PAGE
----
It was not only that catches were missed. The picking up was slovenly and the returns to the wicket badly directed. There was no anticipation or cutting off of runs by the men in the deep, and quite often Brown had to halt a bowler in his run-up to direct a fieldsmen to his proper position.
England failed to match the Australians' high standards of fielding and were nicknamed Brown's Cows by the Australian barrackers. They dropped six catches in a match against Victoria and made frequent mistakes in the state matches. However, they made a considerable improvement in the Tests with "...first class work in the field, in direct contrast to the slovenly and often lackadaisical displays in the previous games of the tour". Even so they never reached the heights of catching and fielding displayed by the Australian team. Both Brown and Alec Bedser weighted 15 stone (over 200 lb or 100 kilos) and were particularly ungainly in the field, but their bucket-like hands picked up 9 catches and Brown twice caught and bowled Keith Miller. Godfrey Evans was the outstanding wicket-keeper of his generation whose enthusiasm could energise a fielding team and always entertained the crowd with his antics. His deputy was Arthur McIntyre, who kept wicket for Alec Bedser, Jim Laker and Tony Lock in the Surrey side that would win the County Championship seven times in a row in 1952-58. Len Hutton was a good slip and would pick up 9 catches in the series and Trevor Bailey took some great catches in the gully. Unfortunately the MCC had no other slip fielders and they were joined by Gilbert Parkhouse, who hated the role and frequently dropped catches. John Dewes was a good outfielder, but the rest of the team failed to impress and a picture of John Warr was used to illustrate how not to take catches.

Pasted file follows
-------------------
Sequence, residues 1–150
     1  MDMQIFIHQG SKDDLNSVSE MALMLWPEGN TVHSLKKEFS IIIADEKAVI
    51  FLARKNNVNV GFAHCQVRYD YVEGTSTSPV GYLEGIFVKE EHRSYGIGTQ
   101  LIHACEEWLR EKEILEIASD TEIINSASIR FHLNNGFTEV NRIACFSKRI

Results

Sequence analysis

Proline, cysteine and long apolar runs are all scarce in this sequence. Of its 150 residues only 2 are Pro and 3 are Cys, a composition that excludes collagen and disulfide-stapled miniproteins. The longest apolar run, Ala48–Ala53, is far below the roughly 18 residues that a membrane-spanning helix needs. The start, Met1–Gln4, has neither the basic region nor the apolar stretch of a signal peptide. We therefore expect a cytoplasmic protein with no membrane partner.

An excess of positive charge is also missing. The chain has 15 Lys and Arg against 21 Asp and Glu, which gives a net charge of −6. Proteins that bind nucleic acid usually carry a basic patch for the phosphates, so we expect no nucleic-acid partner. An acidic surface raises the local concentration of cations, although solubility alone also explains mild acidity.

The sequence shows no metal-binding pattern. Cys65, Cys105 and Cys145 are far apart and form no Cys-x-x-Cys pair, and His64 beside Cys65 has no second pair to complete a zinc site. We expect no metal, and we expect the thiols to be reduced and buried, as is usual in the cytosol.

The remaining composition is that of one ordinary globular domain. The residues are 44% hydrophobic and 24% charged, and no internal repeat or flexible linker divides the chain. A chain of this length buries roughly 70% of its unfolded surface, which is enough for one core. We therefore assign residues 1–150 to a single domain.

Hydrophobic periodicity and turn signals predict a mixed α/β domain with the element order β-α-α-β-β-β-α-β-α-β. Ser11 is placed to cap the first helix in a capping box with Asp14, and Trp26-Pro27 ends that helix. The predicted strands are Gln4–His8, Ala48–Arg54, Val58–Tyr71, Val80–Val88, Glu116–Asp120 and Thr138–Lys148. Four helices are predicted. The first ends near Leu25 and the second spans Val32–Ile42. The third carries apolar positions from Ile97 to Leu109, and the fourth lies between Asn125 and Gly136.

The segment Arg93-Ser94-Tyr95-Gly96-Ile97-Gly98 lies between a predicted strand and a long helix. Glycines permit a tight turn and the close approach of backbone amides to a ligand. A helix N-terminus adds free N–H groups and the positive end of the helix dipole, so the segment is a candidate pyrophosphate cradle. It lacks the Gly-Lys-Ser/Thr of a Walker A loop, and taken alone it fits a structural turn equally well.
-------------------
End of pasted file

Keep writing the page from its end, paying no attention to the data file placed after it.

MCC Touring Team
By the convention of the time gentleman amateurs have their initials in front of their surname and professional players have their initials after their name, if their initials were used at all.
|Test Statistics of the England Cricket Team in Australia 1950-51|
|Name||County||Age||Role||Tests||Runs||Highest||Average||100s||50s||Ct||St||Wickets||Best||Average||5 Wt||10 Wt|
|Brigadier M.A. Green||Worcs||59||Joint Manager|
|J.H. Nash||Yorkshire||44||Joint Manager|
|Ferguson, W.||70||Scorer and Baggage Man|
|Hutton, L.||Sussex||34||Right-Handed Opening Batsman||79||6971||364||56.67||19||33||57||3||1/2||77.33|
|W.G.A. Parkhouse||Glamorgan||25||Right-Handed Opening Batsman||7||373||78||28.69||2||3|
|21||Right-Handed Opening Batsman||22||1172||119||37.80||3||6||12|
|R.T. Simpson||Notts||30||Right-Handed Opening Batsman||23||1401||156*||33.45||4||6||5||3||2/4||11.00|
|Washbrooke, C.||Lancashire||35||Right-Handed Opening Batsman||37||2569||195||42.81||6||12||12||1||1/25||33.00|
|Compton, D.C.S. (vc)||Middlesex||32||Right-Handed Top Order Batsman||78||5807||278||50.06||17||28||49||25||5/70||56.40||1|
|24||Left-Handed Top Order Batsman||5||121||67||12.10||1|